Silicone sealant

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a question for the older members: has it improved?

I have used decorators caulk and acryclic sealant (but it cracks) and can get a neat finish smoothing it with a wetted spatula or finger, and it washes off easily when fresh.

last time I tried using silicone sealant from a gun, I found it very sticky and messy and I could not smooth it neatly. I got it on my fingers and it was too sticky to get off.

I guess I am afraid to use it again but I have a shower cubicle to seal, and have heard it is good for bedding glass panes in the front door.

maybe I am just clumsy, has it got easier to use over the past 10 years or so? how do you smooth it without it sticking to the tool and dragging up?
 
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I'm not one of the 'older members' but I hope I can offer you advice!

Use one of the better brands of silicone as the water content will be less than the cheap stuff.

Two ways of smoothing off:

1 - wet finger with soapy water
2 - spray soapy water onto silicone and smooth off

The golden rule is to not put too much on otherwise it will create a mess.

Keep some 'Industrial Wipes' or 'Gorrilla wipes' handy as they will take of any excess silicone.
 
Some of the cheaper ones may be more 'runny' than others, but it may be just technique.

Also there are two different basic types - a neutral cure and another type. You may well have to google unless someone here knows, but IIRC, one smells of vinegar and the other doesn't, and one responds better to smoothing and one is faster drying

Wadge has covered everything else.

Just make sure hat you get a sanitary grade sealant - as this will resist mould growth better.
 
last time I tried using silicone sealant from a gun, I found it very sticky and messy and I could not smooth it neatly. I got it on my fingers and it was too sticky to get off.
Follow wadge post but with surgical glove

I guess I am afraid to use it again but I have a shower cubicle to seal, and have heard it is good for bedding glass panes in the front door.
Have you tried 791 dow cornering? Tend to be a bit thicker to put on, Softus recommend it and not has any problem in my shower, it's the first sealant that hasn't got any black mould yet, normally I re-seal once a year with others sealant
 
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swbjackson, I have seen them, have you any experience with them?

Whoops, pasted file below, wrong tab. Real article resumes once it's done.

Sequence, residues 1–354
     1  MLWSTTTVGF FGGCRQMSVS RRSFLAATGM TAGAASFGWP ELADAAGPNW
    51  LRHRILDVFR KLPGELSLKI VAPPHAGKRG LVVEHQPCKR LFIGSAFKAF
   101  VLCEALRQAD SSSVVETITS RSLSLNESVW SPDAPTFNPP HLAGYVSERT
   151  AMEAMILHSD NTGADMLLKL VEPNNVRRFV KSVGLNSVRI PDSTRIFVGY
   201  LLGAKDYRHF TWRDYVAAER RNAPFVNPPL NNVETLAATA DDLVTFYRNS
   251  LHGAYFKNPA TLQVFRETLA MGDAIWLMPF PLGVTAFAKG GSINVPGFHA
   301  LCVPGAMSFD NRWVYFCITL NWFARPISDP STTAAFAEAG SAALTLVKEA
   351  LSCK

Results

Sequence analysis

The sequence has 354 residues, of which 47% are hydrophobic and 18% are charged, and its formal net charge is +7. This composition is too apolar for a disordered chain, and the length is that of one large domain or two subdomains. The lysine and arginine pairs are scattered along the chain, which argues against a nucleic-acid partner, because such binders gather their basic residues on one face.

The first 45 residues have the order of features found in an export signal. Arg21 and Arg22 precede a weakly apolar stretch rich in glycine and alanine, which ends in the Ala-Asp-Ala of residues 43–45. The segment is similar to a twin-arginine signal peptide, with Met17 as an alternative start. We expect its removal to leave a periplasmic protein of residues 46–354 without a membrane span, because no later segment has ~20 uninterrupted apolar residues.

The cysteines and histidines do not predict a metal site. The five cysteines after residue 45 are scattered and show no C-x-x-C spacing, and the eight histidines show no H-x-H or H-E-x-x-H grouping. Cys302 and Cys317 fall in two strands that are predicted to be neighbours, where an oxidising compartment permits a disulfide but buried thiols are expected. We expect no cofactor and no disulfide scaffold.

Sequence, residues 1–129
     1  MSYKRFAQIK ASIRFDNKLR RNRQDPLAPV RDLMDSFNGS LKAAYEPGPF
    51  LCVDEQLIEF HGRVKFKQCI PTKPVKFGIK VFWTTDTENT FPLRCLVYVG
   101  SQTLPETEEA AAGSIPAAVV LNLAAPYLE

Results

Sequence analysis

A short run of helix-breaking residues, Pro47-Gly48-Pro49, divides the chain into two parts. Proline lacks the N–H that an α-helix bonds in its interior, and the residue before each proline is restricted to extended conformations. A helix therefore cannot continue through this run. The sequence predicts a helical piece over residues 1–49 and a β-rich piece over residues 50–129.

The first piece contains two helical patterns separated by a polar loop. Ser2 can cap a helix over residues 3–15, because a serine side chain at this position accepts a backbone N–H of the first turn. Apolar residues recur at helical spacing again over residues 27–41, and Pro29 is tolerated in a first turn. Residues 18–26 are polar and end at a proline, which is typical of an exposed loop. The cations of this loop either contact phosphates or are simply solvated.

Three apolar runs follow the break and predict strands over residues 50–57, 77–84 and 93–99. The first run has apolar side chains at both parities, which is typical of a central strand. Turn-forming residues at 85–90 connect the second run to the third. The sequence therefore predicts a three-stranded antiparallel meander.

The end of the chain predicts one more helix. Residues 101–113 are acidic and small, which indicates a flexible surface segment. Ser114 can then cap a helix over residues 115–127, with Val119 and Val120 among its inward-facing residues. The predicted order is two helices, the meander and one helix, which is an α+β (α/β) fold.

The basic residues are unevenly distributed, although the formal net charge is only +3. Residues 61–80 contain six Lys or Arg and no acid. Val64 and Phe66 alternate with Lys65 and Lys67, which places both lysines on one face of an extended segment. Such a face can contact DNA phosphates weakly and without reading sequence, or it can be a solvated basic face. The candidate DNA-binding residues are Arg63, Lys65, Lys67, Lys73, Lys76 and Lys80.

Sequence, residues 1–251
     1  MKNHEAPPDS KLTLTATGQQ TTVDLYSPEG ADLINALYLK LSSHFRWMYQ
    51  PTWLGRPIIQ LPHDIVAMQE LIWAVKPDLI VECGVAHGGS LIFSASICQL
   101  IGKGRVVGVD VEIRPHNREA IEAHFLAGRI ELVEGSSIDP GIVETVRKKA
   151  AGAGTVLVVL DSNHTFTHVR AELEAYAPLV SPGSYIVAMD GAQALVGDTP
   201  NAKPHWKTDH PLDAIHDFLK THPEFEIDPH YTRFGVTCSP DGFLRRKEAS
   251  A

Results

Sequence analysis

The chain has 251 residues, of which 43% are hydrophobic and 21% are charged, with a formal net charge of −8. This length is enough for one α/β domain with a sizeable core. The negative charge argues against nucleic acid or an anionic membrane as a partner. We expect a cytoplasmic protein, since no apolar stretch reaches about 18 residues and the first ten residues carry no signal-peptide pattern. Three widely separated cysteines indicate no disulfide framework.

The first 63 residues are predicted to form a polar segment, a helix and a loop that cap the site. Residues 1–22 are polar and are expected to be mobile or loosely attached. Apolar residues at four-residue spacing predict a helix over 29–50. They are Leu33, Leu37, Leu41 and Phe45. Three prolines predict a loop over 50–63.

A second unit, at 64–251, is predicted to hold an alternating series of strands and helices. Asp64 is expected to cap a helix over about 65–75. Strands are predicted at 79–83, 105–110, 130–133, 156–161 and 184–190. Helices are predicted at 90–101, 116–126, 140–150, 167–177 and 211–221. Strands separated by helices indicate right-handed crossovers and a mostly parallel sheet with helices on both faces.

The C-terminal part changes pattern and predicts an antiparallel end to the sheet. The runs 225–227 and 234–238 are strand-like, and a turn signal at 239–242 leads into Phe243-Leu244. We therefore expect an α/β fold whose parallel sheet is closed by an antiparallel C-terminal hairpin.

I have a fugi kit and it is excellent on straight runs such as shower trays and baths, it can be tricky to use behind taps so I still use the conventional method in these cases.

I use Dow Corning 785

http://www.geocel.co.uk/product.aspx?id=2&pr=dc7s

You won't find this in B&Q or the like, go to your local plumbers merchant, I pay between £2 and £3 for it. It is the best I have found over the years and I have tried a few. It is better than some costing 3 times as much in the sheds.

To avoid silicone going everywhere mask off around where you are sealing, you can use electricians tape for this or standard masking tape.

Clean the area to be sealed with methylated spirits (not white spirit as this is oil based) to remove soap scum, fat etc etc.
 
I've had a Fugi kit sat in my tool box for sometime. I had the occassion to use it for the first time about 3 weeks ago, have to say that I was really impressed with it. Produced a really neat finish on a shower tray we were fitting.
 
Hmm those Fugi kits look pretty nifty may have to pick one up. Although I've always used my finger before with good results. You get a knack for it after and you can angle the your finger in such a way that it removes the access from both sides of the wall, a problem sometimes brought on by overloading.
 
I got mine when I was doing bathroom replacements in a hotel. It was all really good quality stuff and a rubbish finish on the silicone would have spoilt it. It really came into it's own when I was using black silicone to seal between the black marble worktop and coloured tiling in the ladies and gents toilets that we refurbished in the same hotel.
 
Well I recently bought a special stick thing from Wickes which I reckon is going to alleviate the problems (and the thought of problems) when doing siliconing.
It's basically like a rubber finger.
The trouble with fingers is that as you start to smooth, your finger starts to form into a corner, and sooner or later, your "bead" becomes a smear.
This things stays firm, and so as you press it into the corner and draw it along, the bead stays as a bead. The excess forms a separate dribble down each side, but it's properly separate from the main bead, so you can peel the dribbles off once dry.
I've tried it once or twice. Feels like cheating!
 

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